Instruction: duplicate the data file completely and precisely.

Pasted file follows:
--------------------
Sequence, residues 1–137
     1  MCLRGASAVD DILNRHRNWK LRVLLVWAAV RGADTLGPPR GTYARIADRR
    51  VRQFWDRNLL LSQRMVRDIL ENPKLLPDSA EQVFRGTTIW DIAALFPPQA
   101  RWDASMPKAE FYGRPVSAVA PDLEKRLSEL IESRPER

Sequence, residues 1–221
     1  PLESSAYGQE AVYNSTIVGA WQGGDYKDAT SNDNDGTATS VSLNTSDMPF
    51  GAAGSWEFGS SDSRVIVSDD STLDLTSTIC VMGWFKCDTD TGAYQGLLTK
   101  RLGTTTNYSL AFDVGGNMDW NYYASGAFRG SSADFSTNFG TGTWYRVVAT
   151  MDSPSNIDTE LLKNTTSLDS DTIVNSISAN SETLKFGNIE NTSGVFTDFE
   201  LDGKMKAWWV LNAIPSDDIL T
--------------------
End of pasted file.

Sequence, residues 1–137
     1  MCLRGASAVD DILNRHRNWK LRVLLVWAAV RGADTLGPPR GTYARIADRR
    51  VRQFWDRNLL LSQRMVRDIL ENPKLLPDSA EQVFRGTTIW DIAALFPPQA
   101  RWDASMPKAE FYGRPVSAVA PDLEKRLSEL IESRPER

Sequence, residues 1–221
     1  PLESSAYGQE AVYNSTIVGA WQGGDYKDAT SNDNDGTATS VSLNTSDMPF
    51  GAAGSWEFGS SDSRVIVSDD STLDLTSTIC VMGWFKCDTD TGAYQGLLTK
   101  RLGTTTNYSL AFDVGGNMDW NYYASGAFRG SSADFSTNFG TGTWYRVVAT
   151  MDSPSNIDTE LLKNTTSLDS DTIVNSISAN SETLKFGNIE NTSGVFTDFE
   201  LDGKMKAWWV LNAIPSDDIL T